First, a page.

Rarely does an economic theory get so much attention in the media. But MMT is currently in the spotlight. ‘Modern Monetary Theory’ (MMT) is, however, not exactly modern. Its principles can be traced at least as far back as the 1940s or possibly even to Ricardian times.
The main conclusion of MMT is that a sovereign state can concentrate on the desired outcomes of policy, like achieving full employment and need not worry about deficits. As it issues its own currency, it can never be forced into default. It can always print additional money to pay off its debts. Interest rates can be kept low and taxes can eventually be used to curb inflationary pressures.
When asked by a US senator what he thought about MMT, Fed Chair Jay Powell answered: “The idea that deficits don’t matter for countries that can borrow in their own currency, I think is just wrong. US debt is fairly high to the level of GDP − and much more importantly − it’s growing faster than GDP, really significantly faster.
We are going to have to spend less or raise more revenue.” The irony of this is that this senator’s question was probably provoked by the fact that MMT has been embraced by the left wing in the US, for instance by US Congresswoman Alexandria Ocasio-Cortez, a rising political star on the left. She sees MMT as a way to pay for her proposed New Green Deal.
But it could be argued that the US president is himself a practitioner of MMT, albeit a silent one (though it’s probably the only thing he’s silent about), having fired up growth with unfunded tax cuts and attempting to bully the Fed into implementing a low interest rate policy, which is exactly what the proponents of MMT would advise. But they would advise the government to scale back its efforts once full employment has been reached. It can be argued the US has reached this point, or is at least close to it. So perhaps Trump is already overdoing it.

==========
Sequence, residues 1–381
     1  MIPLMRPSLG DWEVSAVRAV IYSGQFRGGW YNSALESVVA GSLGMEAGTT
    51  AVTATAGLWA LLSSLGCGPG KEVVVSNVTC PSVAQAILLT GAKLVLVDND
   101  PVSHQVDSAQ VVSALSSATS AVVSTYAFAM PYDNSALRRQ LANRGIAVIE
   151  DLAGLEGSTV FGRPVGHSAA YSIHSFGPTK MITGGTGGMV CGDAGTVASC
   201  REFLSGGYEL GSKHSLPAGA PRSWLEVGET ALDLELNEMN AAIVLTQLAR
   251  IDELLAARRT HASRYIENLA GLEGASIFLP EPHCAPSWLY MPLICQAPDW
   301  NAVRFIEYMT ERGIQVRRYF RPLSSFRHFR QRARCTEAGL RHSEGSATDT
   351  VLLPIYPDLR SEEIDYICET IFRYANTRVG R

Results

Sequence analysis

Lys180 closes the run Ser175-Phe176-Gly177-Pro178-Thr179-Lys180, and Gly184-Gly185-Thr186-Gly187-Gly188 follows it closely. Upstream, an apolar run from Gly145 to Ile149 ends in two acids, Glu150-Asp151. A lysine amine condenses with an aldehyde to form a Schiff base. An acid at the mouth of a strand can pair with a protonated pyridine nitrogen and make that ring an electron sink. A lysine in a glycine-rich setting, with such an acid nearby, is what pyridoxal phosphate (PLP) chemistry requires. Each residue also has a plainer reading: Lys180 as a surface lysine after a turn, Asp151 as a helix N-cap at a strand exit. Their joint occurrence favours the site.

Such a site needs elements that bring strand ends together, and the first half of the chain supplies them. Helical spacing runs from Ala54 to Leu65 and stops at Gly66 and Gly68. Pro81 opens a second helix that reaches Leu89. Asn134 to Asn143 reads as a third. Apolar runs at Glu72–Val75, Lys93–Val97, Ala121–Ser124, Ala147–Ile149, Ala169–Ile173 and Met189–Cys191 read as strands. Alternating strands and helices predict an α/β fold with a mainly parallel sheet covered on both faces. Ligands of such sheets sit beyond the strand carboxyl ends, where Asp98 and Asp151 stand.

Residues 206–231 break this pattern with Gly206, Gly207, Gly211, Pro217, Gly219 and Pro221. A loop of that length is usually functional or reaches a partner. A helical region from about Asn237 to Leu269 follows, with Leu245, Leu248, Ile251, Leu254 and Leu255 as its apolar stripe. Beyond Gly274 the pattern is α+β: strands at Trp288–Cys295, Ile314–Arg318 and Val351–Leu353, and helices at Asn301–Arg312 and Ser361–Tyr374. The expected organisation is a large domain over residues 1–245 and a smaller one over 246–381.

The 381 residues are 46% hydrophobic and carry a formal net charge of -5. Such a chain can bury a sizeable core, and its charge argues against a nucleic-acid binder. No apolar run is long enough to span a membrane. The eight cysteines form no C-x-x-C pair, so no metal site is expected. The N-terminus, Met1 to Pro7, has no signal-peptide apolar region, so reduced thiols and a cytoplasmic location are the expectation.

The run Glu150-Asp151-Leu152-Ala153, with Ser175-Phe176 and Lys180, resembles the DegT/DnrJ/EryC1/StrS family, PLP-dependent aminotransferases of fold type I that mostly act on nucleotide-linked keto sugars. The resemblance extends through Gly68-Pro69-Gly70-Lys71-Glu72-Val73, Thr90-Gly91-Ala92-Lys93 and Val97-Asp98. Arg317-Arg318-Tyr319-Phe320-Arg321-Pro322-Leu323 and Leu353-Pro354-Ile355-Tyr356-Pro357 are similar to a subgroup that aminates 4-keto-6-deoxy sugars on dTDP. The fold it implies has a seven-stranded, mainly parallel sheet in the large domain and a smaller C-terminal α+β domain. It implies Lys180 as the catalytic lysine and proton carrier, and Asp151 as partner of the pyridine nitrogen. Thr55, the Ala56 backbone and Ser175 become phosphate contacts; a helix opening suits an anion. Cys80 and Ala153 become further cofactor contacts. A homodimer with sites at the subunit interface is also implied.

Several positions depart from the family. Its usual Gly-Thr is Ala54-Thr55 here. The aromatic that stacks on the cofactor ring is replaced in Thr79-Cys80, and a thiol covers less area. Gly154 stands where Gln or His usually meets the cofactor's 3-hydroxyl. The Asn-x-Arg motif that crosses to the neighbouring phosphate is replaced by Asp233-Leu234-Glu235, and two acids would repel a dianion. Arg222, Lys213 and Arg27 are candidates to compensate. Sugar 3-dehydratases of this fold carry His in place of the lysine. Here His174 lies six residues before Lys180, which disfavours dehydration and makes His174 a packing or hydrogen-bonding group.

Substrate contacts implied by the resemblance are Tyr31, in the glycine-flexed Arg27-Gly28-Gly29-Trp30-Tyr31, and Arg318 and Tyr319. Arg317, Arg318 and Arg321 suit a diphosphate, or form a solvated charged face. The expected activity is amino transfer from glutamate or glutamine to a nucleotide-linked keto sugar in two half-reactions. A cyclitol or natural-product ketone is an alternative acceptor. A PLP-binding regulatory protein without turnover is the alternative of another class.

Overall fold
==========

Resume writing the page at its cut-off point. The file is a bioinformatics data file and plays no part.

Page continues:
It is also understandable that the political opponents of the Republicans would have little desire to start calling for strict budgetary discipline. That would represent a strange role-reversal in US politics and probably generate little political dividend. I hasten to add that while it is short, the post-war track record of Democrats is actually better than that of the Republicans when it comes to budgets.
MMT has been ridiculed of late by prominent mainstream US economists, and a bit excessively, I might add. It has clearly hit a nerve. Paul Krugman, who is not conservative in the least, complained that MMT adherents were playing a game of ‘Calvinball’, a reference to the ingenious comics by Bill Watterson, in which the main character keeps changing the rules.
Larry Summers calls it the new ‘voodoo economics’, a reference to Bush’s initial criticism of Reagan’s tax cut plans, which were supposed to pay for themselves. These ideas originally came from Laffer, the inventor of the famous Laffer Curve. Reaganomics turned out to be anything but an illustration of MMT, as the Fed kept money tight, initially.
It would now be unthinkable for the Fed to do the same. Therefore, MMT probably has further to run, though the US president currently seems to be picking the wrong battles: take his border wall, for instance. That said, he seems conciliatory towards China. A more fruitful battle in a pre-election year would be trying to implement additional fiscal stimulus in the form of tax cuts, but this time for the middle class, or maybe infrastructure projects other than the wall.
The Fed will remain accommodative as long as long-term inflation expectations stay subdued, which is likely to be the case for the foreseeable future. In the meantime, I see little reason to believe prices for risky assets won’t continue to drift upwards.
This article was first published in Robeco Quarterly, March 2019
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